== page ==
Confused Republicans Will Have A Weak Candidate – Four More Years For Obama – Bad for America, As This President Has No Convincing Pro-Growth Plan

[the-subtitle ]

By Paolo von Schirach

February 9, 2012

WASHINGTON – The confused and fractious Republicans appear terminally incapable of getting their act together, as the latest contests in Colorado, Minnesota and Missouri won by comfortable margins by conservative Rick Santorum show. By now it is pretty obvious: a large chunk of the rank and file GOP activists really do not like nor trust centrist Mitt Romney, while they foolishly look for a real conservative that would incarnate every possible sacrosanct principle and ideological bias they hold. In the end they may find one. Right now it looks that this champion may be previously overlooked Rick Santorum.

Santorum will never get elected

But, while I find it hard to believe that Santorum will be nominated, I can be bold enough to state that he will never get elected. I just do not see millions of independents going for someone who seems to be better versed at preaching than at dealing with public policy. The believers may indeed like both the righteousness and the delivery. But, as they are a minority even within the relatively small universe of Republican activists, I doubt that there are enough of them in America to propel former Senator Santorum into the White House.

Romney is a weak candidate

But if Santorum does not get the nomination and bruised Mitt Romney is after all the man, he is looking weaker every day. How can a candidate with such lukewarm support within his own party have the aura of inevitability that will get millions of people, including many who voted for Obama in 2008, vote for him? Of course, as always, much will depend on the mood of the nation in the crucial two or three months preceding the elections. And, if something real bad happens and Obama becomes vulnerable, Romney may get lucky.

Four more years for Obama

Still, barring unforeseen events, as the pitiful economy slowly improves and with the enormous power and prestige of incumbency working for him, at this stage I would say that we should expect four more years of Barack Obama. And this will not be good for America. I say this without any partisan animosity. It is just that Obama is not capable of fashioning a new national consensus around what America desperately needs, and that is vigorous and convincing pro-growth economic policies.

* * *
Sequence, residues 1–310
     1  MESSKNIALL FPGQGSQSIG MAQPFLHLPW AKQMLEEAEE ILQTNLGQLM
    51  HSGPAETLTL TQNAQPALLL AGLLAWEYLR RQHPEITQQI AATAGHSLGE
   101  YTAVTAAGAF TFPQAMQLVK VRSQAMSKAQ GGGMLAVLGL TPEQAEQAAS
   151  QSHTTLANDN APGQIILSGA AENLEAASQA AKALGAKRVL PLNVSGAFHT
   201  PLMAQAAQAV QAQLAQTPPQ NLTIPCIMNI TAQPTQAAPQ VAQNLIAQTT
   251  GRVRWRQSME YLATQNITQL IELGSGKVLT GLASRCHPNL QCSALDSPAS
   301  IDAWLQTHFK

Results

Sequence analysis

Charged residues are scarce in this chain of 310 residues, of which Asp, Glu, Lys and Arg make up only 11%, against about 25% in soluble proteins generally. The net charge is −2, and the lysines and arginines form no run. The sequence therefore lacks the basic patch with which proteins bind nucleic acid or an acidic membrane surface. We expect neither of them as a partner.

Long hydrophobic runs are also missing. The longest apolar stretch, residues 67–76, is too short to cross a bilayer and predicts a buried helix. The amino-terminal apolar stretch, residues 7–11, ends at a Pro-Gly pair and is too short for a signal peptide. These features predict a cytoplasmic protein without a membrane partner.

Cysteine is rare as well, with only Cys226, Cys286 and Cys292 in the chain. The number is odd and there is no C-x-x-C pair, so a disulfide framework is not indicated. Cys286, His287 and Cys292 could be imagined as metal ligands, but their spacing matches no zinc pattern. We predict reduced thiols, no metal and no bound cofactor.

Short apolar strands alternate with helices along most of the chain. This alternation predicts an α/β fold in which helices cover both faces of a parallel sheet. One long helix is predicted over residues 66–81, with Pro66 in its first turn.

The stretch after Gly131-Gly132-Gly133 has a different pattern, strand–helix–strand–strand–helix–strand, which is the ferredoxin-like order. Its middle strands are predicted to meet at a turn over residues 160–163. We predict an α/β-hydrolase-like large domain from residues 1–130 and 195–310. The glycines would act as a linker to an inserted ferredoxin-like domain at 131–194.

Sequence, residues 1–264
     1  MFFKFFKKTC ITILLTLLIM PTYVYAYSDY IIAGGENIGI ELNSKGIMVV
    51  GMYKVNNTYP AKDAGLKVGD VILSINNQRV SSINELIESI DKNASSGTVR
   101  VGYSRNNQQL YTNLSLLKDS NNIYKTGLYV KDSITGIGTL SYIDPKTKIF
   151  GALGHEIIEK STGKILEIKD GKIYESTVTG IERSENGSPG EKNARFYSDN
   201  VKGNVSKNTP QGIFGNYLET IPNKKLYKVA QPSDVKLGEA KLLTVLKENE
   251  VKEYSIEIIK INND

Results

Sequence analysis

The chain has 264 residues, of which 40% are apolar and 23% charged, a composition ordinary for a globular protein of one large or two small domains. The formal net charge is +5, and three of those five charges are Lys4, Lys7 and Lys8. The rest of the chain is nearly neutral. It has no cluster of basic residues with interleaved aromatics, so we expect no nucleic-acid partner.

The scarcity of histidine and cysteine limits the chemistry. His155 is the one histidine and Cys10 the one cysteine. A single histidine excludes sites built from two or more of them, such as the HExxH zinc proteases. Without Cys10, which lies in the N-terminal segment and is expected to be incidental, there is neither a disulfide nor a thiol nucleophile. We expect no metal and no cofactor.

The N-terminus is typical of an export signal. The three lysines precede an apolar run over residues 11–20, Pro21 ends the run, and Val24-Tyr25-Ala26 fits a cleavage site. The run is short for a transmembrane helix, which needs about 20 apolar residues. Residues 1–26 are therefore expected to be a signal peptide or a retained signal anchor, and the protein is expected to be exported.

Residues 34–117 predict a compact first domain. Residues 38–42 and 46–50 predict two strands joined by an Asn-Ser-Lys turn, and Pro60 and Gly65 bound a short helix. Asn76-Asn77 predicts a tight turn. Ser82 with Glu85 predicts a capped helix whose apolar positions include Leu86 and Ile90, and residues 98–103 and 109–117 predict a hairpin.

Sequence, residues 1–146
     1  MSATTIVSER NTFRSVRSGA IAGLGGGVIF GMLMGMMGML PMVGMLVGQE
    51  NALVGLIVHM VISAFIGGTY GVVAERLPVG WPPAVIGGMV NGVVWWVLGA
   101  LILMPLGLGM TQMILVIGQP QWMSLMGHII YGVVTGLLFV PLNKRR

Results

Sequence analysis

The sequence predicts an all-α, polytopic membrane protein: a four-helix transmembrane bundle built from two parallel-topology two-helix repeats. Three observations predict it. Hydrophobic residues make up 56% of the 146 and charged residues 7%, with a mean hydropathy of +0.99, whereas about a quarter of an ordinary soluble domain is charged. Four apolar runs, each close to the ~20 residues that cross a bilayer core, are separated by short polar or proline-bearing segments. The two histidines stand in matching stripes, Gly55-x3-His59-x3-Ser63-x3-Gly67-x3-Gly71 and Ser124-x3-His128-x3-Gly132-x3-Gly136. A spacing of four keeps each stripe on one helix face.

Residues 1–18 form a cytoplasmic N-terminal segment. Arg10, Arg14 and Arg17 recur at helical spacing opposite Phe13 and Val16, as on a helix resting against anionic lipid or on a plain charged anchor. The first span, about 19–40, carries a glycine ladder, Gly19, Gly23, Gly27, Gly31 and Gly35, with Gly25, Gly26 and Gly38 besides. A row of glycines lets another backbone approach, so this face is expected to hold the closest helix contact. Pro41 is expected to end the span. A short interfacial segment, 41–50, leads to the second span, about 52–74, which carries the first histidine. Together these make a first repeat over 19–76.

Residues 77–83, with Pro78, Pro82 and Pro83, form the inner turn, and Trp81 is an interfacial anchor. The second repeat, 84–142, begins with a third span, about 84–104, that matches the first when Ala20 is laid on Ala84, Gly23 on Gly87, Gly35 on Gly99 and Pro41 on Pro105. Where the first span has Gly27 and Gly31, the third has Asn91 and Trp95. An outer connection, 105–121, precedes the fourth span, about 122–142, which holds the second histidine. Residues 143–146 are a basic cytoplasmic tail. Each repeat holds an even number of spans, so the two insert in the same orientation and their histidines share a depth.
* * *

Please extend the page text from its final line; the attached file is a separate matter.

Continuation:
Republicans: no deal with Obama

This may not be entirely his fault. I suspect that a large segment of the Congressional Republicans would rather see America sink than do a deal with Obama that might benefit him politically. And I also believe that this Republican animosity against this president is so visceral and so irrational, in part I suspect based on non confessed racist prejudice, that it cannot be watered down. (Remember that there is a sizable minority of Americans who really believe that Obama should not be president because he was not born here, while many others truly believe that he is a Muslim, and therefore “illegitimate” as a Christian nation could not possibly have a non believer as president).

Fairness is the wrong theme

On the other side of the divide, Obama is now locked in as the president who will fight for the struggling middle class and for the poor. He has firmly embraced and has been indulging in truly anti-rich populism. Bad enough if this is were just a gimmick to get him re-elected. But I suspect he believes what he says and this is truly unhelpful. By saying that America’s main problem is “fairness” Obama shapes the national debate around the wrong theme.

Don’t get me wrong, fairness is a real issue, just like the need to extend health care insurance a couple of years ago was a real issue. But as much as health care should not have been picked as “the“ national priority, while the US economy was in a real mess, fairness is not the dominant issue when we need to kick start America’s engine.

Picking the wrong priorities